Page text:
The future of COVID-19 in South Dakota? Sanford doctor says less pandemic, more endemic – Community News
Covid-19

The future of COVID-19 in South Dakota? Sanford doctor says less pandemic, more endemic

SIOUX FALLS, SD (KELO) — Hundreds of South Dakotans are still getting sick from COVID-19 and hundreds are still hospitalized, but Dr. Jeremy Cauwels is starting to see a shift.

New COVID-19 cases in South Dakota have plateaued since falling due to a Delta variant in August and September. While all but two counties – Hand and Jerauld – are currently experiencing “high” or “significant” community spread of COVID-19, Cauwels sees the virus trying to become more endemic than pandemic.

“At some point, we will get to a point where the circulating amount of COVID will reach a steady state,” Cauwels told KELOLAND News. “We will always see a little bit of COVID in our hospital. It can change with seasons, it can change with travel or it can change with something else. I think we will always see a little bit of COVID and we will have to get used to it.”

The chief physician at Sanford Health said one of the biggest differences between pandemic and endemic is how pandemics come in waves. He added that that is usually with a new virus and one that the population has not seen and cannot protect against.

“The nice thing about this virus is that we have a way to fight the virus,” Cauwels said. “In this case, we have a vaccine. We are also developing other drugs to help treat the virus.”

Comparing COVID-19 to chickenpox and the common cold, Cauwels said there are many illnesses that never go away.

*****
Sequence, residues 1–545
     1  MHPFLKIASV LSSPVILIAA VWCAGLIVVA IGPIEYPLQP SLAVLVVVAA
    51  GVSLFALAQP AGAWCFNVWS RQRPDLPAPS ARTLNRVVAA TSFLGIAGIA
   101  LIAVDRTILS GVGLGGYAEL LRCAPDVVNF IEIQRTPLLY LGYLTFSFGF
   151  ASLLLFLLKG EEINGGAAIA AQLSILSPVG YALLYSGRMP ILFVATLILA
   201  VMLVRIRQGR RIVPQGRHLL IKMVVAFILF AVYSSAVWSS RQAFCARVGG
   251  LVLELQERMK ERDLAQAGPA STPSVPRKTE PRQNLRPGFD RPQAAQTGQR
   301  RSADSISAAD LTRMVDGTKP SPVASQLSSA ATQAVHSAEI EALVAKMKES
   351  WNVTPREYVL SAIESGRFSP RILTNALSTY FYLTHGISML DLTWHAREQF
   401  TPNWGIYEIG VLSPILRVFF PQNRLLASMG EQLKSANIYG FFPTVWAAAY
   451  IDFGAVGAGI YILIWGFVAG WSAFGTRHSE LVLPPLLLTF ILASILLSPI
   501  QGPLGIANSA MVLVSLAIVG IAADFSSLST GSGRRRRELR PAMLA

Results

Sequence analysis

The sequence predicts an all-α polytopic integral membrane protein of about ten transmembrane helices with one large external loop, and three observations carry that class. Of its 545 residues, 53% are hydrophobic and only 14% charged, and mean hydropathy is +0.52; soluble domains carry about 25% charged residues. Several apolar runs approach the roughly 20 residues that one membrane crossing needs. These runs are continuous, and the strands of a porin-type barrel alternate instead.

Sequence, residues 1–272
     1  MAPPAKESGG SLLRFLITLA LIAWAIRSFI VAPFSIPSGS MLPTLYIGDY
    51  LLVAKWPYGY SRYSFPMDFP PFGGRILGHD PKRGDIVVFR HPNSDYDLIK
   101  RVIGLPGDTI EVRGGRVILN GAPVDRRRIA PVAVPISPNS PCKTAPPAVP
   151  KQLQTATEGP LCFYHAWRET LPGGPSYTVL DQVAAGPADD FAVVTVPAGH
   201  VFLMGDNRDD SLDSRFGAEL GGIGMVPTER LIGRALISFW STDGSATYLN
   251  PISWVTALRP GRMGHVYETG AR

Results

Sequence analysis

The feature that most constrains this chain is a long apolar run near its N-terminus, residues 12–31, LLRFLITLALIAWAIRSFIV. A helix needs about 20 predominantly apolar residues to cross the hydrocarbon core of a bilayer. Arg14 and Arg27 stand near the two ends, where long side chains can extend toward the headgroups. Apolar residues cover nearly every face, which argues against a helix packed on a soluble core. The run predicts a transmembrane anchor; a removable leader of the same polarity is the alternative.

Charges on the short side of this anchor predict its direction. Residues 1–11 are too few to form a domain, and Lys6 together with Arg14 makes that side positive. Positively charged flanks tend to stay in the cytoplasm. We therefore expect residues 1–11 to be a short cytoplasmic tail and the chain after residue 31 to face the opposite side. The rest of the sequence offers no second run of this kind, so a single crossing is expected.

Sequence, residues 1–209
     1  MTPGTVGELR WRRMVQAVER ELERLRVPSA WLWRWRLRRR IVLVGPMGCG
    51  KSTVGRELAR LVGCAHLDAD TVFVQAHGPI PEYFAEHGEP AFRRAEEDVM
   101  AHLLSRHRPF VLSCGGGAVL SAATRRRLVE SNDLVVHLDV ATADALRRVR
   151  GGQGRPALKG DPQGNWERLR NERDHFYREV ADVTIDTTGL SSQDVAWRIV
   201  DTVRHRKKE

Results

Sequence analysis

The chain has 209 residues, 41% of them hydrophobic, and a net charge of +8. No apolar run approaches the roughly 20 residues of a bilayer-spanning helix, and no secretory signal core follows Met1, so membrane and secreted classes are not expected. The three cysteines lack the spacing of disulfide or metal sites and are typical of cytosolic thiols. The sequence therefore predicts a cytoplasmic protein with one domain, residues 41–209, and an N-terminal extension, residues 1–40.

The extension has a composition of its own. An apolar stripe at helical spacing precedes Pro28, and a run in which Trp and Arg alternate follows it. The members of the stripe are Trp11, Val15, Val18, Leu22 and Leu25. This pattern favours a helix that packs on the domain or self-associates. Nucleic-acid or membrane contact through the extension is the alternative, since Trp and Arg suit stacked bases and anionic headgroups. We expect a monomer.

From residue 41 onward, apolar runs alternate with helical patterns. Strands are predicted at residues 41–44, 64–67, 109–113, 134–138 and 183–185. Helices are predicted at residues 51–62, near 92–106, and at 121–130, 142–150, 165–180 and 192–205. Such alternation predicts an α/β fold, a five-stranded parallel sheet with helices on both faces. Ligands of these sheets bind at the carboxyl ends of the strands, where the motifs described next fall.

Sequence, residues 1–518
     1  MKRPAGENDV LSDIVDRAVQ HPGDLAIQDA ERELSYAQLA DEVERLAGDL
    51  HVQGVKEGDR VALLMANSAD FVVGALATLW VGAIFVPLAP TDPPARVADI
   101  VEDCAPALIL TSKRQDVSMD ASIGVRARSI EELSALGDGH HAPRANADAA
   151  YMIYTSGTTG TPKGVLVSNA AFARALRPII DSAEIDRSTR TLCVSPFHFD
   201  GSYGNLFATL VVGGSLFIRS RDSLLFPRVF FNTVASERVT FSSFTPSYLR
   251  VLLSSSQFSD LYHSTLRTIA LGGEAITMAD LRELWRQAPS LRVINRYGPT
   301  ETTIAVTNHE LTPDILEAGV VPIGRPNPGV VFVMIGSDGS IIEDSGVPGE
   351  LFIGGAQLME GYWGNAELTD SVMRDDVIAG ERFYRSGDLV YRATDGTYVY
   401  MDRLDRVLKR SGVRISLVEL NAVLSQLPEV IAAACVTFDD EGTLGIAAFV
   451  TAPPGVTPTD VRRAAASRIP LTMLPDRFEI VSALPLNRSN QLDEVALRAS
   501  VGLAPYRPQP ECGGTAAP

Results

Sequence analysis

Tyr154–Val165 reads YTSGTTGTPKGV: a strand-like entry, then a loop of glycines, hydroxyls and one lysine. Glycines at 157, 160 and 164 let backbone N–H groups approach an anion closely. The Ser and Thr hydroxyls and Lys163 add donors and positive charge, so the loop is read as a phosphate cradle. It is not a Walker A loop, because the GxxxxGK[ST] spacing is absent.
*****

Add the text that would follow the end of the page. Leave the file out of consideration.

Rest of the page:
“It is endemic to the way we live. This is COVID’s maneuver, if you will, to do the same,” Cauwels said. “It becomes part of the baseline of how we get through our days.”

As COVID-19 cases continue to go up and down like the pandemic version, Cauwels wondered when the endemic version of COVID-19 will see 180 people hospitalized at Sanford Health as it is now, or if it will. will be more than 30 people.

“I think it will be much closer to that smaller number than that higher number,” Cauwels said. “But that’s what we’re trying to solve.”

New and more drugs are helping push COVID-19 out of the pandemic state. Cauwels pointed to two oral drugs that treat COVID-19 and can ‘significantly’ reduce hospitalizations. He also cited the success of monoclonal antibody transfusions as positives.

The biggest concern Cauwels has about the future of COVID-19 revolves around the hesitancy of vaccines. He said there is nearly two years of data on the vaccine showing it is “extremely safe.”

As the pandemic enters its 22nd month, Cauwels believes the number of new cases will continue to decline.

“I expect December’s numbers to be lower than today’s,” Cauwels said. “I expect they will continue to fall. I expect January’s numbers to be lower than today’s as well.”